Though there are often referred to as gated, or closed-type, communities, not all of them are literally fenced-off and with limited access. Many are simply large clusters of housing units and mixed-use facilities, which make the developments self-sufficient, more or less.
The first to witness the new phenomenon was Sofia where housing districts of 400 or 500, sometimes even exceeding 1000, apartments are no longer rare to find. Gradually, on a lesser scale, Plovdiv and Varna are also following suit, Svetoslava Georgieva, COO of Address Real Estate, explained.
In most cases these housing developments are built on plots that have been bought a year or two ago, but developers have been purposefully waiting to see how property prices would perform after Bulgaria's accession to the EU.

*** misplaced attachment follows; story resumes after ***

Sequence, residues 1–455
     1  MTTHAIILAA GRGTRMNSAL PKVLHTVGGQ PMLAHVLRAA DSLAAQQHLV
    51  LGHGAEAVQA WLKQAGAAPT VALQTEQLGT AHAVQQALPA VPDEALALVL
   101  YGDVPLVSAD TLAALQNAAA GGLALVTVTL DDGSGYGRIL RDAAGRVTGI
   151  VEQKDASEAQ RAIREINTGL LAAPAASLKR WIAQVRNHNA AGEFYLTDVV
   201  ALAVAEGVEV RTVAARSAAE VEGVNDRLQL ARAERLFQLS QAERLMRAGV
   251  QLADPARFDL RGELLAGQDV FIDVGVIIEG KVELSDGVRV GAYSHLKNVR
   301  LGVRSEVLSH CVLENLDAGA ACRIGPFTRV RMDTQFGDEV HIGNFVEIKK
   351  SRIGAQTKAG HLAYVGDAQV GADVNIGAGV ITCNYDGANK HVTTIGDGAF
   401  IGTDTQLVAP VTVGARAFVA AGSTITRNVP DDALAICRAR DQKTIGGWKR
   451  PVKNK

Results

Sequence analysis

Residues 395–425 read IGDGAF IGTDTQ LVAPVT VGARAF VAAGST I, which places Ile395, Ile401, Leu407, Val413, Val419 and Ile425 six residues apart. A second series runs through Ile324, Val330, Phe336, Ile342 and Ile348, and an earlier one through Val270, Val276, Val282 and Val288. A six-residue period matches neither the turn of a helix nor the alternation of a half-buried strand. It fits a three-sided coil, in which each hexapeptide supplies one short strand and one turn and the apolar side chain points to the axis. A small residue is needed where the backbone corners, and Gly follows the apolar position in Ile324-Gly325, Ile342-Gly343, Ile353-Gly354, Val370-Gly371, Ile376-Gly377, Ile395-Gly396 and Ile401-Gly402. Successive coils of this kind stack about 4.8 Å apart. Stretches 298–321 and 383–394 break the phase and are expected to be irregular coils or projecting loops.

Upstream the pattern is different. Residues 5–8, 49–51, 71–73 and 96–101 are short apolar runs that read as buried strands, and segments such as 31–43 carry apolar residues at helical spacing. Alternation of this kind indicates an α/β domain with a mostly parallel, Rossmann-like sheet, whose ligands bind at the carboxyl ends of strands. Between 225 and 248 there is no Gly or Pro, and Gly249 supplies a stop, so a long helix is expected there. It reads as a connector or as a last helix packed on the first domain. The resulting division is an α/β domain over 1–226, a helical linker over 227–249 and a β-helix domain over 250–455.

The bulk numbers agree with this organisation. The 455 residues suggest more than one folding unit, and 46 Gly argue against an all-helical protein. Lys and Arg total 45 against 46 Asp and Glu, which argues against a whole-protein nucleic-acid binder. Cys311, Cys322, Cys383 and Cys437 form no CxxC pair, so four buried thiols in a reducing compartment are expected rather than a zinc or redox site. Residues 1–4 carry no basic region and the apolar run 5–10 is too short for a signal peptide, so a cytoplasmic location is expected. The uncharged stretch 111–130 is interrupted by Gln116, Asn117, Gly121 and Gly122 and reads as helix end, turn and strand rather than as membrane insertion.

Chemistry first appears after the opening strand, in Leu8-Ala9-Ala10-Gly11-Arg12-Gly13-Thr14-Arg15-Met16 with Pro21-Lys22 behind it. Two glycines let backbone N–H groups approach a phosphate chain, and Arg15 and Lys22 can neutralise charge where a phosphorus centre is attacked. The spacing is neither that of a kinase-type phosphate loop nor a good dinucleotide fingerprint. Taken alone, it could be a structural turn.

In Sofia, Winslow Gardens, a project in Manastirski Livadi that will encompass 450 residential units, is a fine example of such development. Even larger establishments have been planned in areas that have been traditionally considered as less attractive, such as: Lyulin, Drujba, Levski.
The implementation of Orchid Hills project, which will consist of 800 apartments, is well underway in Varna's district Vazrajdane. Maritsa Gardens' construction has already begun in Plovdiv. It will have 550 flats.
The basic risk these investments could face is the expansive supply of homes in big towns but internal migration and competitive home financing bank policies will balance the market.